Benefield: El Molino's Kassidy Sani ready to let discus fly at state track and field finals
El Molino junior Kassidy Sani’s throwing career can be measured in breakthroughs.
Like figuring out the rules of discus. That was a breakthrough.
“The first meet I ever went to, I was throwing probably 75 feet and I scratched all three of my throws because I didn’t know you were supposed to exit on the back side of the ring,” she said.
She figured it out. A breakthrough.
Then, early this season, she seemed stuck, throwing less than 120 feet.
“I think it was kind of a mental barrier for me. I didn’t believe I could hit 120,” she said. “My coach told me I could and I didn’t really believe I could.”
She figured it out. Another breakthrough.
After she cracked 120 feet, she seemed to stall out again.
“My coach has always said 140 and 150 (are possible) and I didn’t believe him,” she said of El Molino’s track coach, Ryan Hopkins. “But since I hit 130?”
She figured it out. Yet another breakthrough.
Sani launched a 132-foot, 6-inch throw at a meet in Chico in April. Her new personal best has been the mark to chase among Redwood Empire throwers ever since. And chase they did. The trio of Sani, Santa Rosa’s Caitlin Grace and Middletown’s Taelor Roderick provided throwing fans competitive entertainment all season.
“If I didn’t have those girls, I wouldn’t have the drive to be the best that I can be,” she said.
Sani threw 130 feet even at the North Coast Section Meet of Champions last Friday to advance to the CIF state track and field championships at Buchanan High in Clovis Friday and Saturday.
According to Hopkins, she’s the first El Molino athlete to advance to the state meet since Joe Durling qualified in discus in 2008.
But the breakthrough that is more significant than all of those milestones this season was the one she made after an illness-riddled freshman year. Sani was so ill after her freshman volleyball season and into basketball that in the spring she went on El Molino’s home/hospital program. She was essentially home-schooled for months.
“It started with abdominal pains when she was running the mile in PE. First we thought it was the flu bug; then it was rushing to the hospital,” said her mom and El Molino’s varsity volleyball coach, Becky Sani.
“It was scary. It was really, really scary,” Becky Sani said. “She wasn’t using the right words. It was like somebody who has a stroke who was trying to speak.”
There were doctor visits, prescriptions doled out and a variety of diagnoses - none of which seemed to help. Kassidy Sani was in constant pain.
“There were numerous ER visits and various specialists and nobody could really give me an answer,” Kassidy Sani said. “I didn’t check any of the boxes that they tried to put me into.”
Until the last box: Lyme disease.
One might think it would be scary to be an athletic teenager diagnosed with such an affliction. Not to Kassidy Sani. The diagnosis meant that what was happening to her had a name. Now she could figure out how to tackle it.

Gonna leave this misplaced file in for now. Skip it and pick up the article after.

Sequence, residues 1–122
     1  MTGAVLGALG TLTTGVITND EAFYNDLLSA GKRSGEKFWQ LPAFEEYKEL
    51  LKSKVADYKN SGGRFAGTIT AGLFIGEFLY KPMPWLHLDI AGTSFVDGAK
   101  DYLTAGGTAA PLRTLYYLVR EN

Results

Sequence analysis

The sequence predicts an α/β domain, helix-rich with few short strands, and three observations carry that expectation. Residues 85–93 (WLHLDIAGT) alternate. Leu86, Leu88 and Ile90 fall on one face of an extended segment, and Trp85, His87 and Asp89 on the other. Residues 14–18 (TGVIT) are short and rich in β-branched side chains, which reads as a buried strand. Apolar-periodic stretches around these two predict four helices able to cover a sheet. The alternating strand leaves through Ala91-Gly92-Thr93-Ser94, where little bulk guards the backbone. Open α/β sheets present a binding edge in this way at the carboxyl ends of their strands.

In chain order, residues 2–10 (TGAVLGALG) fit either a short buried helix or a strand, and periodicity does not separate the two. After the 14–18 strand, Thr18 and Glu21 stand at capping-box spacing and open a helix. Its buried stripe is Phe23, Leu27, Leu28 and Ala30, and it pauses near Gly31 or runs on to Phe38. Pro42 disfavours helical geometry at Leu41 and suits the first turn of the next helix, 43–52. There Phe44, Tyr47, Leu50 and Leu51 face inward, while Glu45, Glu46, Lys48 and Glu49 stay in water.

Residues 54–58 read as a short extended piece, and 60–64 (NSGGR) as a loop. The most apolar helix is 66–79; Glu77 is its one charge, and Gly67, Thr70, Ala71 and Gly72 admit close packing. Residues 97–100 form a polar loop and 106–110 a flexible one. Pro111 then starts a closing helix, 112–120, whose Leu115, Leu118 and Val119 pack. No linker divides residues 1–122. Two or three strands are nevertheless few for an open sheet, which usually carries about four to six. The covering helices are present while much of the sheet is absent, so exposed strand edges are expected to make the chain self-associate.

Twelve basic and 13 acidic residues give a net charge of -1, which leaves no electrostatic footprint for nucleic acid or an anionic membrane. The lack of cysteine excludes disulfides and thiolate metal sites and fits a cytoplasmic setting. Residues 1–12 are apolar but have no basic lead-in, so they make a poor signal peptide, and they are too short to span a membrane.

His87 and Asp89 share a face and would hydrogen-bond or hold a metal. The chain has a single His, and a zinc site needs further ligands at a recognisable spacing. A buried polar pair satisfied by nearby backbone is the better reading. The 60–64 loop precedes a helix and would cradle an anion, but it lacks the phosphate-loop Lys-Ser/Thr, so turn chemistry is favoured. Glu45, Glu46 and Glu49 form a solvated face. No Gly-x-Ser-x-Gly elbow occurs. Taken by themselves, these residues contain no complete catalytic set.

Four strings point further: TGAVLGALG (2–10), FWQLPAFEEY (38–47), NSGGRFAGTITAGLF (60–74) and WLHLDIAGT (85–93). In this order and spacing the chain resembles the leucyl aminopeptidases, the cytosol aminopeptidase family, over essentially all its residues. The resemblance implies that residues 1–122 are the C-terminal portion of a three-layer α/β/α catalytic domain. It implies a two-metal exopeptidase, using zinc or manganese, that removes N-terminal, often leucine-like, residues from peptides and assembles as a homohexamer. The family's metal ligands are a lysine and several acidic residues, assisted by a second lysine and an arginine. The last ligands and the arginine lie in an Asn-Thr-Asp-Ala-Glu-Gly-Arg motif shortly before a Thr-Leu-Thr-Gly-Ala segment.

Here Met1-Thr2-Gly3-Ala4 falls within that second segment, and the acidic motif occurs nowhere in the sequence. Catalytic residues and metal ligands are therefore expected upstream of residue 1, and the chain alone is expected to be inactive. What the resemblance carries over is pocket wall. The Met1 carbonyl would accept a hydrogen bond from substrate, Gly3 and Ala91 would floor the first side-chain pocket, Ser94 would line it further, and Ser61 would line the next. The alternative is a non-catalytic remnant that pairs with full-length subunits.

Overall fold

She adjusted her diet. She was strict about her sleep schedule. She takes ice baths. She uses a sauna. She sees a chiropractor. She has a naturopath.
And she feels better. She is stronger.
“I don’t even have the words to describe it,” Kassidy Sani said. “You don’t really appreciate what you have until it’s gone.”
But it’s not gone. Sani is throwing farther than ever.
“She is a pretty natural athlete,” Hopkins said. But her discipline (remember the diet and the sleep schedule?) sets her apart, he said.
“She’s amazing in terms of work,” he said. “She will do everything in terms of what I ask her to do.”
But sometimes, Hopkins has to ask the natural athlete to not do things. He has to tell her to take a day off. In other circumstances, Sani would be a sprinter, too, but that is asking too much from her body.
“Last year was about trying to figure out what her body could handle,” he said.
But for Sani, days off are rare. A competitive club volleyball player, Sani regularly drives from her home in Cazadero to school in Forestville and, after track practice, to Sonoma State University in Rohnert Park, where her club team trains.
The CIF state track and field championships wrap up late Saturday. On Sunday morning, Sani will be on a plane to Seattle to catch the second half of a volleyball tournament that her club team is competing in.
But first, she will make her debut at the state meet. Sani is ranked 19th out of 23 throwers coming into the competition. The top-ranked thrower launched one 161 feet, 9 inches in the section finals.
But Hopkins thinks Sani can hang in there. Sani’s personal goal is to advance from Friday’s preliminary round into the finals Saturday.
“She’s an extremely competitive person,” he said. “The pressure is off. She is going out there to have fun but to (also) go throw a bomb.”
Hopkins and Sani both say that a huge piece of being a successful discus thrower is not just raw strength, and not just coordination, but the mental piece.
Being able to step into the ring with loose, long limbs instead of tense muscles can mean the difference between throwing a bomb and bombing.
Sani thinks working her way through an illness that for many months didn’t have a name - and now handling the effects of a disease that can wear her down and saddles her with aches and pains - might, in the end, be a gift.
Kassidy Sani said the illness just might have forged a tougher person than she ever would have been without it. Her mom calls her a warrior.
“It was really a difficult time in my life, but without it I wouldn’t be the person I am now,” she said.
You can reach staff columnist Kerry Benefield at 707-526-8671 or firstname.lastname@example.org, on Twitter @benefield and on Instagram at kerry.benefield. Podcasting on iTunes and SoundCloud, “Overtime with Kerry Benefield.”